In computer science, runtime describes the operation of a computer program, the duration of its execution, from beginning to termination (compare compile time). The term is also used as a short form when referring to a runtime library, a program or library of basic code that is used by a particular computer language to manage a program written in that language while it is running.

In most cases, the operating system handles loading the program, doing basic memory setup and linking the program with any dynamically linked libraries it references. In some cases a language or implementation will have these tasks done by the language runtime instead, though this is unusual in mainstream languages on common consumer operating systems.

Some program debugging can only be performed (or are more efficient or accurate) when performed at runtime. Logical errors and array bounds checking are examples. For this reason, some programming bugs are not discovered until the program is tested in a "live" environment with real data, despite sophisticated compile-time checking and pre-release testing. In this case, the end user may encounter a runtime error message.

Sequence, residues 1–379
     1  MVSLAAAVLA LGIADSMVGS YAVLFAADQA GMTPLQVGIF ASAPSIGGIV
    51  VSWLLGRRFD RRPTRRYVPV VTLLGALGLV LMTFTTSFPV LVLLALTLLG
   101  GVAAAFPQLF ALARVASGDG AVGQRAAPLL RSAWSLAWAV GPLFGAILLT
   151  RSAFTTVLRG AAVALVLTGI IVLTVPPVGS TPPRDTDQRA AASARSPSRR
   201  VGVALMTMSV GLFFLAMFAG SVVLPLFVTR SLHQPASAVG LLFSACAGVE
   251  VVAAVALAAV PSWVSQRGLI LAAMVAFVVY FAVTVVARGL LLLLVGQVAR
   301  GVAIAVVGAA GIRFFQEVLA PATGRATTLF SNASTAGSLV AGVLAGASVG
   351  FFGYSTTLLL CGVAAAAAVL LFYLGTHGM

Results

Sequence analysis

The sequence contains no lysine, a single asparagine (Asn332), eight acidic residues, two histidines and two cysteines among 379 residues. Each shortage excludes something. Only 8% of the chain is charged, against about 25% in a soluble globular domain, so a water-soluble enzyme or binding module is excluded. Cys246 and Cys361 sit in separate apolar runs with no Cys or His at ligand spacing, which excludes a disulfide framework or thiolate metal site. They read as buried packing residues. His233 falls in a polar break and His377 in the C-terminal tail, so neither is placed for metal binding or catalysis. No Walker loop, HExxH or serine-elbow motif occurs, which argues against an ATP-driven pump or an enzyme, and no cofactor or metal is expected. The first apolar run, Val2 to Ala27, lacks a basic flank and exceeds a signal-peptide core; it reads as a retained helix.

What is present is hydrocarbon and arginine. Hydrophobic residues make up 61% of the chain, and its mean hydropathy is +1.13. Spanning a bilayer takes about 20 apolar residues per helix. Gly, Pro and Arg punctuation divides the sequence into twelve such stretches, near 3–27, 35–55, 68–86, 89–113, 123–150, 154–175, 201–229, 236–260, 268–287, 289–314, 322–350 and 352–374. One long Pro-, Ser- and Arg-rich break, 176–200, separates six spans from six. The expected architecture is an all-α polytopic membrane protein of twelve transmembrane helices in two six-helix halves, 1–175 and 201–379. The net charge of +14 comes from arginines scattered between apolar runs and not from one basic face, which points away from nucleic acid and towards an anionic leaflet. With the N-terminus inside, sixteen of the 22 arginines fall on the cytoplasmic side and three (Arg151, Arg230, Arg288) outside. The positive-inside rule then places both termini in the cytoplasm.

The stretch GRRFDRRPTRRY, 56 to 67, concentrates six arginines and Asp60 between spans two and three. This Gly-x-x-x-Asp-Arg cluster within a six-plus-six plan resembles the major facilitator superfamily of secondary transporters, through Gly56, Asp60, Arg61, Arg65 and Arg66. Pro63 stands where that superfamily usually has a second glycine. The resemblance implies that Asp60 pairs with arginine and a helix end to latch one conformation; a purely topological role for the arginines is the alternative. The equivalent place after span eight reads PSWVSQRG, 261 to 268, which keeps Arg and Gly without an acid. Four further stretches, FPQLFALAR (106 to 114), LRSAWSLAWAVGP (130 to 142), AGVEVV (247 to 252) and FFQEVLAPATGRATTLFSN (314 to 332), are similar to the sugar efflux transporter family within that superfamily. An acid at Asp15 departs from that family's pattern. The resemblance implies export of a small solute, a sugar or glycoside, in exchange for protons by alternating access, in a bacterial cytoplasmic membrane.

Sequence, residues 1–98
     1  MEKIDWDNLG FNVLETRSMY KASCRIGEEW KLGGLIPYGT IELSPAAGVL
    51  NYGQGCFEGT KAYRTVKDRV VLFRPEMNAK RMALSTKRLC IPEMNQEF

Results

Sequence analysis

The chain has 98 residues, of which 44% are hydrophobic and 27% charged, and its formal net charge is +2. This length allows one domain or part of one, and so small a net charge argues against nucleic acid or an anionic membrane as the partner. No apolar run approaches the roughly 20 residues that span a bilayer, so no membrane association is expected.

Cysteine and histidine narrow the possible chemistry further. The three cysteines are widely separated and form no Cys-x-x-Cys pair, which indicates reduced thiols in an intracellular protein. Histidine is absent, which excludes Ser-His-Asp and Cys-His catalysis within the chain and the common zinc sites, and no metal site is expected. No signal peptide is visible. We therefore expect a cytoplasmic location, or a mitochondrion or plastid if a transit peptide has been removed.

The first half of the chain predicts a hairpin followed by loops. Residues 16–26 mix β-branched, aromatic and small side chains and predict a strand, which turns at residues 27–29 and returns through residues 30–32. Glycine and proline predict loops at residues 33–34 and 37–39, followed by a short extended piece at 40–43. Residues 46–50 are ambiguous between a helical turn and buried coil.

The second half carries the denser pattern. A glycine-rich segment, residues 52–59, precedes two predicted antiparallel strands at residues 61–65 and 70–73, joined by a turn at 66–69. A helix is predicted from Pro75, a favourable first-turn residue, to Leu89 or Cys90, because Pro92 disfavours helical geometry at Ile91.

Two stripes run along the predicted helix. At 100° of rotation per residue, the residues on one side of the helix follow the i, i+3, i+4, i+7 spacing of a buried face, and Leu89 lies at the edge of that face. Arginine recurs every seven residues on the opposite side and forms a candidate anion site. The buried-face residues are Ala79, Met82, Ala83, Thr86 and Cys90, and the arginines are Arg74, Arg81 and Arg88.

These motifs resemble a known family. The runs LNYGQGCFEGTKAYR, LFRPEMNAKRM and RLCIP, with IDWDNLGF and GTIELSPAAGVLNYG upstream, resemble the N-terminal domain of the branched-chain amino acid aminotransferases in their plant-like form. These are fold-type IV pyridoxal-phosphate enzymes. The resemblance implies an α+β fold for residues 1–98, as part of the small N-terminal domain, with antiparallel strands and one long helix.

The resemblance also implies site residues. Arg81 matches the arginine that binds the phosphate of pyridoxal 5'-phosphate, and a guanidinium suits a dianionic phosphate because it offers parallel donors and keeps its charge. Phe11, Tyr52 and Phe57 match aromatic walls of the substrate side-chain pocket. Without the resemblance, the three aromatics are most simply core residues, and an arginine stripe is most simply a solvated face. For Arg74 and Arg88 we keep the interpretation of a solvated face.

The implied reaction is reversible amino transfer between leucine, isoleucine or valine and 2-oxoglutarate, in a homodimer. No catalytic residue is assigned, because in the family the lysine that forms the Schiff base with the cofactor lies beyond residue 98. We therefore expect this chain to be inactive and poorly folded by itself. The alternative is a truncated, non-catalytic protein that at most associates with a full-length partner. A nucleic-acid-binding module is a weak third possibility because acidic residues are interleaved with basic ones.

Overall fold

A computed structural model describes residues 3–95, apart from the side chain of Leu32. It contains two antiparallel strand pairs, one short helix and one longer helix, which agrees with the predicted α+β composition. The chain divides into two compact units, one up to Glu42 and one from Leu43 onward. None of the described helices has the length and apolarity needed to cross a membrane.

A runtime library is a collection of utility functions which support a program while it is running, working with the operating system to provide facilities such as mathematical functions, input and output. These make it unnecessary for programmers to continually rewrite basic capabilities specified in a programming language or provided by an operating system.

Early runtime libraries such as that of Fortran provided such features as mathematical operations. Later languages such as the C programming language added simple memory management for dynamic allocation of memory. More recently, object oriented languages add more sophisticated memory garbage collection, often in association with support for objects.

More recent languages tend to have considerably larger runtimes with considerably more functionality. Many object oriented languages also include a system known as the "dispatcher" and "classloader". The Java Virtual Machine (JVM) is an example of such a runtime: it also interprets the portable binary Java programs (bytecode) at runtime.

Exception handling is one language feature designed to handle runtime errors, providing a structured way to catch completely unexpected situations as well as predictable errors or unusual results without the amount of inline error checking required of languages without it.

See also

de:Laufzeit (Informatik) he:זמן ריצה it:run-time


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